Alpha-1 Antitrypsin Deficiency

The Beginnings

To begin at the beginning . . .

Dylan Thomas 1954

In 1963 the Scandinavian Journal of Clinical and Laboratory Investigation published a paper by Carl-Bertil Laurell and his research student Sten Erikkson.  They had found the first emphysemic patients with what was to become known as alpha-1 antitrypsin deficiency.

. . o o O o o . .

But of course the story did not begin there . . .

The protease inhibitory activity of human plasma was first observed by Fermi and Pernossi in 1894.

Arne Tiselius studied chamistry at Uppsala University. He worked at The Svedberg’s laboratory in 1925 and obtained his doctor’s degree in 1930 on the electrophoresis of proteins. After a spell in Princetonsupported by the Rockefeller Foundation he returned to Uppsala he resumed his interest in proteins, and the application of physical methods to biochemical problems. This led to a much-improved method of electrophoretic analysis which he refined in subsequent years. He received the Nobel Prize for Chemistry in 1948 for discovering how to separate proteins by electrophoresis.

Hermann Schultze of Behring Werke in Marburg, Germany in 1955 showed that the major inhibitor for trypsin is located in the a1-globulin fraction and it was named a1-antitrypsin.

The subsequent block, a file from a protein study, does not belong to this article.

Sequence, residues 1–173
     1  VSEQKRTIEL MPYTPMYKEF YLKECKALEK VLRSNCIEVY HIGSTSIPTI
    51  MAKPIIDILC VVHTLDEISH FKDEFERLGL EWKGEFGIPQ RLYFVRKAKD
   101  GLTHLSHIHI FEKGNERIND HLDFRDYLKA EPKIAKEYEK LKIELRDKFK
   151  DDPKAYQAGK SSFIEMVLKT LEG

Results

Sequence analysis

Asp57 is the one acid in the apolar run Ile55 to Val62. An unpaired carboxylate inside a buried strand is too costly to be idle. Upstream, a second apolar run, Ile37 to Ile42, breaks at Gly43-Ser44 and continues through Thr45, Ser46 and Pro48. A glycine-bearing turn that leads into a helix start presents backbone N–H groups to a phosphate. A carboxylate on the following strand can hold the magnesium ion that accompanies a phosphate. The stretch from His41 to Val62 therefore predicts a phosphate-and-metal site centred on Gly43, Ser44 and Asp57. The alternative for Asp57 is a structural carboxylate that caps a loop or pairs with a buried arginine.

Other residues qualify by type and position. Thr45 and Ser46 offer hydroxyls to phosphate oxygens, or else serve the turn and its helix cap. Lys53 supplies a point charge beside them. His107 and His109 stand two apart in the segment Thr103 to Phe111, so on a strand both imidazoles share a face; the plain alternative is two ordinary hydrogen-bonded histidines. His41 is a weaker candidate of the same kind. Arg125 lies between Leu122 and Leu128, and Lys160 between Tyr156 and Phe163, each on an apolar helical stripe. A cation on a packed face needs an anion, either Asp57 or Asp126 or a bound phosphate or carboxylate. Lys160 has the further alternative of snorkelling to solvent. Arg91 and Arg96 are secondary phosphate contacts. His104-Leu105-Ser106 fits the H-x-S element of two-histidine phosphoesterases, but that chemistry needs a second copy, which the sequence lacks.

Carl-Bertil Laurell was an early pioneer of plasma protein electrophoresis for clinical investigations.  In 1952 he published an article on paper electrophoresis and in 1961 another article on agarose electrophoresis.

The first case of α1-antitrypsin deficiency.

In late 1950s and the early 1960s the importance of tuberculosis waned and the interest of chest physicians in Sweden turned towards obstructive lung disease and cancer. Samples from patients were sent to Malmö for paper electrophoresis analysis. It was expected that patients with COPD may have some abnormalities in their immunoglobulins. C-B Laurell observed two patient samples with similar paper electrophoretic patterns but both missing the normal α1-band.

This finding was published in 1963: Laurell C-B, Eriksson S. The electrophoretic α1–globulin pattern of serum in a1–antitrypsin deficiency. Scand J clin Lab invest 1963; 15:132-140.

There followed two papers with Erikkson as the first author: Eriksson S, Laurell C-B. A new abnormal serum globulin alpha-1-antitrypsin. Acta Chem Scand 1963; 17: 150-153 Eriksson S. Studies in α1–antitrypsin deficiency. Acta Med Scand 1965, suppl 432:1-85.

Alpha-1 antitrypsin deficiency was now known to the World.